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KASB Legislative Update, Tuesday, April 26


Posted Date: 04/27/2022

KASB Legislative Update, Tuesday, April 26

The Senate on Tuesday overrode Gov. Laura Kelly’s vetoes of the anti-transgender bill and the so-called parents’ bill of rights.

The measures will next go to the House for consideration, but no specific date has been set for those votes. If two-thirds of House members (84 votes) vote to override the vetoes, then the bills will become law.

Meanwhile, the House-Senate conference committee on education went back to work. Senate Republicans and Democrats on the Ways and Means Committee agreed to support the governor’s request for a $30 million increase for special education but House GOP leaders haven’t. The committee also is continuing work on the so-called open enrollment provision that would allow any student to enroll in any district that has capacity. KASB opposes the open enrollment provision, saying those decisions should be left to local school boards.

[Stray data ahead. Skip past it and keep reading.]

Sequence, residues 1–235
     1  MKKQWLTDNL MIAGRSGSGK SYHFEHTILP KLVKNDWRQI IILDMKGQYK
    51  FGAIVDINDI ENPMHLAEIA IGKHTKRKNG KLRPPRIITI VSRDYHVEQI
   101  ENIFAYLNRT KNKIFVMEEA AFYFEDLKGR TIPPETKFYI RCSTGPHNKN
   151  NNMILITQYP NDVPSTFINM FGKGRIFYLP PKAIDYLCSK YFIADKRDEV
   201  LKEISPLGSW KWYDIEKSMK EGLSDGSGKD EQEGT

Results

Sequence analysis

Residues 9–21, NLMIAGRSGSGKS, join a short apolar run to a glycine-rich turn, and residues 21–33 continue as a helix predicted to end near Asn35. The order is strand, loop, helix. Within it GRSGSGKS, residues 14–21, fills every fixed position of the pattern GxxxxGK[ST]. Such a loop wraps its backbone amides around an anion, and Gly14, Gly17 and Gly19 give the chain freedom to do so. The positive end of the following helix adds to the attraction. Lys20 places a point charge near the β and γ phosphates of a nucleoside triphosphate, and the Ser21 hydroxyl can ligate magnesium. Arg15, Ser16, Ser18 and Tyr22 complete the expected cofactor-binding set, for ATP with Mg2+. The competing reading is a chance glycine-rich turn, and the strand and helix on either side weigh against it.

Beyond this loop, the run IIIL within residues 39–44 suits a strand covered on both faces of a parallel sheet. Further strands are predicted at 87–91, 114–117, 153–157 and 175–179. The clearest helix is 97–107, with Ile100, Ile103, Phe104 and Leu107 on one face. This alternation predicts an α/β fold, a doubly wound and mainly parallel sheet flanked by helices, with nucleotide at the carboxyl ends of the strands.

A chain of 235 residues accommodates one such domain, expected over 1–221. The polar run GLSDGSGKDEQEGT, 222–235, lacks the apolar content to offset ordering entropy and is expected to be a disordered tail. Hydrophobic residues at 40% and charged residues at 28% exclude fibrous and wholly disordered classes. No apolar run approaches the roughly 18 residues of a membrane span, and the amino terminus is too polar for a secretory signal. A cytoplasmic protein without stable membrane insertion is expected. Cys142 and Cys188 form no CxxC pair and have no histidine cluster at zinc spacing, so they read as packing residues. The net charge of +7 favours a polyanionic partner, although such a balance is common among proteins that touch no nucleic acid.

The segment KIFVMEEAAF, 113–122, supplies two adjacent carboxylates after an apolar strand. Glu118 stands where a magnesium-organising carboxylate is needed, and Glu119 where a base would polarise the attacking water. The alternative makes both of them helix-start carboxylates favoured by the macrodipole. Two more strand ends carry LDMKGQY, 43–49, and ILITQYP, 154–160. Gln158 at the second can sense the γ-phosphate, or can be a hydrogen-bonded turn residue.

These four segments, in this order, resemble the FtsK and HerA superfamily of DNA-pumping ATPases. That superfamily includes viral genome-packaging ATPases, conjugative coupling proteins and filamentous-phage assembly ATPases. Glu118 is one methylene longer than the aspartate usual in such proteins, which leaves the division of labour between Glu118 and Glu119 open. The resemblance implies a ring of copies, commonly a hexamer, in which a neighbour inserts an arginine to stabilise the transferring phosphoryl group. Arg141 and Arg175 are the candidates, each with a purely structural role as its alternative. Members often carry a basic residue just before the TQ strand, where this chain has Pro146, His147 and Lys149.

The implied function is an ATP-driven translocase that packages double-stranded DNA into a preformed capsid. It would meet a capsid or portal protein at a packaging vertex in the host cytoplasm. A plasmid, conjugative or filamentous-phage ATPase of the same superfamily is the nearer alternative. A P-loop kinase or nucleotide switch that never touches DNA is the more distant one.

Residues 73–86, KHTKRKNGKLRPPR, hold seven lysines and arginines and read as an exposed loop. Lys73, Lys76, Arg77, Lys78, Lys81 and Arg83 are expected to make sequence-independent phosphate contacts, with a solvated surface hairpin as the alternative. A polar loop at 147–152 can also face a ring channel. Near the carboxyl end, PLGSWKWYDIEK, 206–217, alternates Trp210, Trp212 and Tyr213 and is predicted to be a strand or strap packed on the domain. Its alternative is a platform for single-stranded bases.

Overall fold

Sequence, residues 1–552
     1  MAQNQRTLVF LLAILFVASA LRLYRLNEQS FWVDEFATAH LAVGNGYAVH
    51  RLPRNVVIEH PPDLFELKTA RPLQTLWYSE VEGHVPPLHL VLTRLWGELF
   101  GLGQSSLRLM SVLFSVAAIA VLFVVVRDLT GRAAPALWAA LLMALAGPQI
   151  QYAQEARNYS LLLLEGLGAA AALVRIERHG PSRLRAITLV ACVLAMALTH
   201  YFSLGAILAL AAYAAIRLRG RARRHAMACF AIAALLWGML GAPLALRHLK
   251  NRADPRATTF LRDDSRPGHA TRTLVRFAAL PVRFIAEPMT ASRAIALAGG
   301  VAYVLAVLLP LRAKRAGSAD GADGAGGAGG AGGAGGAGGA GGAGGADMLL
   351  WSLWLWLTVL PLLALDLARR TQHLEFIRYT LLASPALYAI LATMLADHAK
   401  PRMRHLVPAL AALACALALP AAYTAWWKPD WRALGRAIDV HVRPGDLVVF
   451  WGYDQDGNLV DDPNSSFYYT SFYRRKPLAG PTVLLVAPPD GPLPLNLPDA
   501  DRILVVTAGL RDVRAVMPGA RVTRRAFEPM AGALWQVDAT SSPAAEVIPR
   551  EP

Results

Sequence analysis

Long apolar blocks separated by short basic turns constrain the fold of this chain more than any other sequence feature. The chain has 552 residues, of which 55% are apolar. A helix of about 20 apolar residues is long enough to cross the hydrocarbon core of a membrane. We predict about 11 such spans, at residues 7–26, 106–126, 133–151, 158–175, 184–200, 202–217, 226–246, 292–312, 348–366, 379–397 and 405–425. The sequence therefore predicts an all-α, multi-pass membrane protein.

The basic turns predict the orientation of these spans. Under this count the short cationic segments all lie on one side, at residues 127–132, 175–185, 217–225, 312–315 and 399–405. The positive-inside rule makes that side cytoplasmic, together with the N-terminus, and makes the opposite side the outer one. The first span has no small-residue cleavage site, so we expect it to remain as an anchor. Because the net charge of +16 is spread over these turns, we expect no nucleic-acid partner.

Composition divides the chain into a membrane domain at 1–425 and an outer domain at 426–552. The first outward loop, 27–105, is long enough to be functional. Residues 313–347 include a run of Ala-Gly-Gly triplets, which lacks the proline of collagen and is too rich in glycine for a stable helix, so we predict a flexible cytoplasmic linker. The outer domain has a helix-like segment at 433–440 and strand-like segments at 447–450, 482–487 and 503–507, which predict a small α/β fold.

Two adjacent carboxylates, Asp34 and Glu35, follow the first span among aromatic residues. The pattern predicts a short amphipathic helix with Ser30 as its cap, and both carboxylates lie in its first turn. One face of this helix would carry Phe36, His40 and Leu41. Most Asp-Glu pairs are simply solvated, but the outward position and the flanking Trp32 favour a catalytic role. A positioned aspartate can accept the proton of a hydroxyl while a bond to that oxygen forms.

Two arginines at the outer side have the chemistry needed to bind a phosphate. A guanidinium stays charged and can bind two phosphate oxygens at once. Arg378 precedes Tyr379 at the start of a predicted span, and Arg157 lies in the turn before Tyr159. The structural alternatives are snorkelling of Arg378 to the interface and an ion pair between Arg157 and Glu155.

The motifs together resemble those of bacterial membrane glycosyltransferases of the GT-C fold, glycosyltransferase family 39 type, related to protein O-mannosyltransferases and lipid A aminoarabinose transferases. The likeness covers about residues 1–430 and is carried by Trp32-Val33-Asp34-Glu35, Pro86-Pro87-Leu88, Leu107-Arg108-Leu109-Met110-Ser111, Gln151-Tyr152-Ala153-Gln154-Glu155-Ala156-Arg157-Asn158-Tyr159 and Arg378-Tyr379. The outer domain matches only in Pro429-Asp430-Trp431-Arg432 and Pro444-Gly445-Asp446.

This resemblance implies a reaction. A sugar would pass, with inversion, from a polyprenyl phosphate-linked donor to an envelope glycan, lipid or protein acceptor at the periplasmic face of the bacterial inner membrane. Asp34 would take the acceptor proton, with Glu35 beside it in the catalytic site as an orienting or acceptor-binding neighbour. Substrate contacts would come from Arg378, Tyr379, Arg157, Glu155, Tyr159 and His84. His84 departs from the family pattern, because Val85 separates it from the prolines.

On the veto overrides, SB 160 would prohibit transgender students from participating on girls K-12 and college teams. SB 58 would establish a list of parents' rights and outline ways for parents to challenge lessons and books.

KASB opposed SB 160, saying that the Kansas State High School Activities Association already had a procedure for participating transgender students and that the bill would open school districts to legal liability. KASB was neutral on SB 58, saying most of the rights in the bill were already established and the legislation had fewer requirements than an earlier bill.

To override a veto in the Senate takes 27 votes. The Senate overrode Kelly’s veto of SB 160 on a 28-10 vote and on SB 58 by a 27-12 margin.

On April 1, SB 160 was approved 74-39 in the House and 25-13 in the Senate. That same day, SB 58 was approved 67-46 in the House and 23-15 in the Senate.

A video recap of Tuesday’s developments can be seen here.